“The Conjuring” Delivers the Scares
If you know me at all, you know I am completely jaded when it comes to being scared by horror movies. I have seen so many that it takes a film so graphically and horrifically frightening to even strike a nerve with me. Which doesn’t change my love for them, it just works like a scab that’s built up over time. That being said, I watched The Conjuring recently and I have to say, all things considered (including a plot hole or two) it was, kinda, sorta scary. I really liked it; loved the ‘true events’ aspect of it, and really dug the acting and heart-felt performances. Did it stick with me? Not really… and I guess that speaks to the problem. I give it a solid 7 of 10 on a scare factor for normal people. Good flick. But let’s do a better job at reviewing than that, shall we?
In an attempt to avoid as many spoilers as I can, I’ll adhere to what we already know from both the trailers and the simple fact that the cases explored by paranormal investigators Ed (Patrick Wilson) and Lorraine (Vera Farmiga) Warren can be looked up on-line and checked out for yourselves. This particular outing is solidly (well okay, relatively solidly) based on true events that took place in 1971 in Harrisville, Rhone Island in an old farmhouse. See, right off the bat, whether or not this movie has even an inkling of truth, the movie has already trod into very familiar territory with both an old house and a spooky haunting. Sadly, it plays against it in a larger than intended way. You see, once so many movies over the years have used the ‘Old Farmhouse Formula’ to build up mood and atmosphere, a little of the fright factor as been leaked from the balloon, so to speak. Oh well, such is the genre.
The Perron family -including Lily Taylor as Carolyn and Ron Livingston as Roger and their five daughters- moves into the farmhouse after having bought it at auction from the bank. Now it becomes evident pretty quickly that they have never been there previously and know nothing about it, which more or less explains the scene where Roger discovers a boarded-up basement that looks literally like another family-sized room, including access to the boiler. You’d thing that would be something someone would have told him so no one would freeze to death. But I guess not. Anyway, as you can imagine, this cellar plays a major role in the rest of the film. Ya know, as spooky cellars are wont to do. Meanwhile, however, one of the little girls has discovered a music box down in some tree roots near the pond on the property. Interesting…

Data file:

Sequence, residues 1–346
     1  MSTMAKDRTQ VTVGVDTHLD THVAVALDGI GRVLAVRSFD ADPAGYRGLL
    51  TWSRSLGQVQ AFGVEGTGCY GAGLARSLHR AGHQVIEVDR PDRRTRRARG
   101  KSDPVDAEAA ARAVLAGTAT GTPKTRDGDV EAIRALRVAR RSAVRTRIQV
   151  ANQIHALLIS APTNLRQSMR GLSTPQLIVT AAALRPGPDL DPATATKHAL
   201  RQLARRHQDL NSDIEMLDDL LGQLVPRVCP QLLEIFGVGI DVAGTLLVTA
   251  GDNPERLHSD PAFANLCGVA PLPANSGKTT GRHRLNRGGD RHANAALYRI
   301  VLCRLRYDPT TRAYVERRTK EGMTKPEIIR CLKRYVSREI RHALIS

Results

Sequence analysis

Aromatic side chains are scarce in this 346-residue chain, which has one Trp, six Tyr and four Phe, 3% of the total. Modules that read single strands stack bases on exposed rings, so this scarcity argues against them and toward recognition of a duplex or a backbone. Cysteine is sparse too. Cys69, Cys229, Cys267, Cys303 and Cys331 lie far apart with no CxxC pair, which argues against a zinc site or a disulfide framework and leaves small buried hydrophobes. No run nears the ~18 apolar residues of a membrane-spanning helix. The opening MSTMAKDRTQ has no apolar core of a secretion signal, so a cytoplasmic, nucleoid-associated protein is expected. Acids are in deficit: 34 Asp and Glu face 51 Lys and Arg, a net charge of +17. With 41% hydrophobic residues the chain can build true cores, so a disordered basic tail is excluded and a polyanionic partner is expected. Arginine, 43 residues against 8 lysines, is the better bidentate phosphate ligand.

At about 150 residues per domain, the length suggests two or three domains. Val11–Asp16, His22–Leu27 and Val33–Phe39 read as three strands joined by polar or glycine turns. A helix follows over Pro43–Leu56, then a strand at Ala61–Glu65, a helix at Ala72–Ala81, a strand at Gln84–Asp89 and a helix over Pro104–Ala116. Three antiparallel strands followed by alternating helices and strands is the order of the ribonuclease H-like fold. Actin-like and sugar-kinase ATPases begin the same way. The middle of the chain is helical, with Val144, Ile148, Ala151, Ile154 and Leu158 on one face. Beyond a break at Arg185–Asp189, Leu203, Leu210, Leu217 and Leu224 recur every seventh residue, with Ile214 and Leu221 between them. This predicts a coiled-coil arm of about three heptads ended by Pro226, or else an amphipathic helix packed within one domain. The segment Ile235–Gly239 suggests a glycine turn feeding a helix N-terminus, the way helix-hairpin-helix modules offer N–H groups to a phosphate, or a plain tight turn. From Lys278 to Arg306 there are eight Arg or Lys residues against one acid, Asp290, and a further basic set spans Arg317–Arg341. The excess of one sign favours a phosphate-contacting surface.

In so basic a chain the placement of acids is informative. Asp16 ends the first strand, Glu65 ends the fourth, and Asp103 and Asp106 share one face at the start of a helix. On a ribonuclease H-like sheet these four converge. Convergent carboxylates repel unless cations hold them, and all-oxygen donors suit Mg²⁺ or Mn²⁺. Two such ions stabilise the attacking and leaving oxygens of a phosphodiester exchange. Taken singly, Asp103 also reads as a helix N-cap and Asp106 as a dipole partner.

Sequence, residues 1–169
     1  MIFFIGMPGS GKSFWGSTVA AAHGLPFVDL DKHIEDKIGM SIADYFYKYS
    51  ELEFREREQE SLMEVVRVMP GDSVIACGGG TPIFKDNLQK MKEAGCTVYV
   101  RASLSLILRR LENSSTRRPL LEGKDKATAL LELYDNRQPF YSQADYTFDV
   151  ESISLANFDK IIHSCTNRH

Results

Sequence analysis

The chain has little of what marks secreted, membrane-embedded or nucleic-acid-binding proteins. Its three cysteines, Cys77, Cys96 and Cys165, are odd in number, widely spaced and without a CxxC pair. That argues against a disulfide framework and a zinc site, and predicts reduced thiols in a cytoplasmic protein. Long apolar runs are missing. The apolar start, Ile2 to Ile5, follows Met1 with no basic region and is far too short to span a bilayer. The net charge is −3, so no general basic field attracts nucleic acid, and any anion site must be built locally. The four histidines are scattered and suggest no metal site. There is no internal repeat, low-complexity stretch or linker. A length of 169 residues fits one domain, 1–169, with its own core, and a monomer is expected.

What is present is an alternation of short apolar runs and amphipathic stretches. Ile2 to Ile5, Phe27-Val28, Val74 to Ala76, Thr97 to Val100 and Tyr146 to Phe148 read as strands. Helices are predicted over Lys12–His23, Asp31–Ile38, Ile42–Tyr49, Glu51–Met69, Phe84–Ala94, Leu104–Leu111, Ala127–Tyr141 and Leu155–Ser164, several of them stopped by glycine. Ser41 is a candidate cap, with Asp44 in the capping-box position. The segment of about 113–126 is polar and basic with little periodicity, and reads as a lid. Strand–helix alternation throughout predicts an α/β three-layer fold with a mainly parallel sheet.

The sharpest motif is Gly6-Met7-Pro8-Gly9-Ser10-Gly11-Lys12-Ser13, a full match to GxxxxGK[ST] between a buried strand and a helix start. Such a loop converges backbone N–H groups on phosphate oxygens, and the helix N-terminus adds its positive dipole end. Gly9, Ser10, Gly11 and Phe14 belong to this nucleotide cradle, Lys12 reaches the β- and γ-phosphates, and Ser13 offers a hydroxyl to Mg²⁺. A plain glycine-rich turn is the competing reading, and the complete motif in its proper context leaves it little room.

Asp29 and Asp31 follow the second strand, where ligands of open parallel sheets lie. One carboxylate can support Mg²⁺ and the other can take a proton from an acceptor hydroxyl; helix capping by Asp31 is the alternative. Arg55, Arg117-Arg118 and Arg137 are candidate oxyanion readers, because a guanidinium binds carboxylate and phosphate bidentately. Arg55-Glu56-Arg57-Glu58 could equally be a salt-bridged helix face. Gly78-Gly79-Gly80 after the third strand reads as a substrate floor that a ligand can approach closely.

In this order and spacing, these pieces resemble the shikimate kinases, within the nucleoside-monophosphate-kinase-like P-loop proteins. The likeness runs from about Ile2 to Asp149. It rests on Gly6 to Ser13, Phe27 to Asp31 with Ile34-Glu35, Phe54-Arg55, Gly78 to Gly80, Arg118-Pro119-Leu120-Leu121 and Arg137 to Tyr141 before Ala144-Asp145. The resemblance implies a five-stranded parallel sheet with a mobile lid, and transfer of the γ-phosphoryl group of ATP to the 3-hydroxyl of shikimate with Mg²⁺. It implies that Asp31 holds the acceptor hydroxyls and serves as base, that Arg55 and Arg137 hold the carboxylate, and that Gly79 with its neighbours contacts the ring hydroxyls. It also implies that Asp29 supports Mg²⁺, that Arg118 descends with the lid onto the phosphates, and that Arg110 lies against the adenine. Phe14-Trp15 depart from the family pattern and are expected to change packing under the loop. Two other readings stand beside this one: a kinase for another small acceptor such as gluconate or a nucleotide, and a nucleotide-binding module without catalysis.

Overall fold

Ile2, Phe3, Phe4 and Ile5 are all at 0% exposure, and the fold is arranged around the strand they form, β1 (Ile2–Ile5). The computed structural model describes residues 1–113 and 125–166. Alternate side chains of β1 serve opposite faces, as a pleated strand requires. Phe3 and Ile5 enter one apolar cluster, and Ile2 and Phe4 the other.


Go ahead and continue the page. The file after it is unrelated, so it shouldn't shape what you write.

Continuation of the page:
So what about the Warrens? Well, the first few minutes establish their rolls solidly as they conclude an investigation that focuses on a possessed doll that is terrorizing some frightened women. They cleanse the property and remove the doll from the home eventually putting her behind locked glass in a case in Ed’s own Cabinet of Curiosities that features items from every case he and his wife have worked on. So here we’re immediately led to believe a few things:
- This couple is deadly serious about their work and showcase that by informing the public about what they’ve done and how they do it, freely and openly.
- There’s definitely going to be an item somewhere in the movie that is the focal point of all the nasty energy at the Perron home.
- We also, inconsequentially at the time, meet the Warren’s own daughter. And you get the eerie feeling right away that somethings going to happen with her, too.
After several nights at the Perron home with escalating troubles including bodily bruising, night-time incidents, and physical activity, Carolyn enlists the aid of the Warrens who, conveniently, happen to be in her town at a lecture. From the moment they arrive they are convinced that some evil stuff is going down. Especially Lorraine, who herself has a bit of a sixth-sense about such things and can feel many of the events that occurred over history that led up to this particular house being a conduit for demonic possession. This is where things get messy. Think witchcraft, ritual killings and suicides, and just a slew of horrific events. And now they’ve literally gotten their claws in the Perron family.
Though the effects are quite minimal (and any appearance of blood or gore almost nonexistent), the atmosphere is heavy with impending dread and can be felt almost from go. The acting is never forced, and there are few scenes over all that derail the narrative. Sure, some of it -despite the fact that we know this is based on actual happenings- has a truly fictional quality, but not enough to punch too many huge holes in the story, and that’s an amazing feat over all. It’s a great horror movie that will, definitely, scare a good many people… and already has. As I said, a solid 7 out of 10. I really did enjoy it. If you like your ghost/evil possession stories chock-full of Exorcist-like flavor with a solid dash of what was good from Amityville, then you’re gonna love this.
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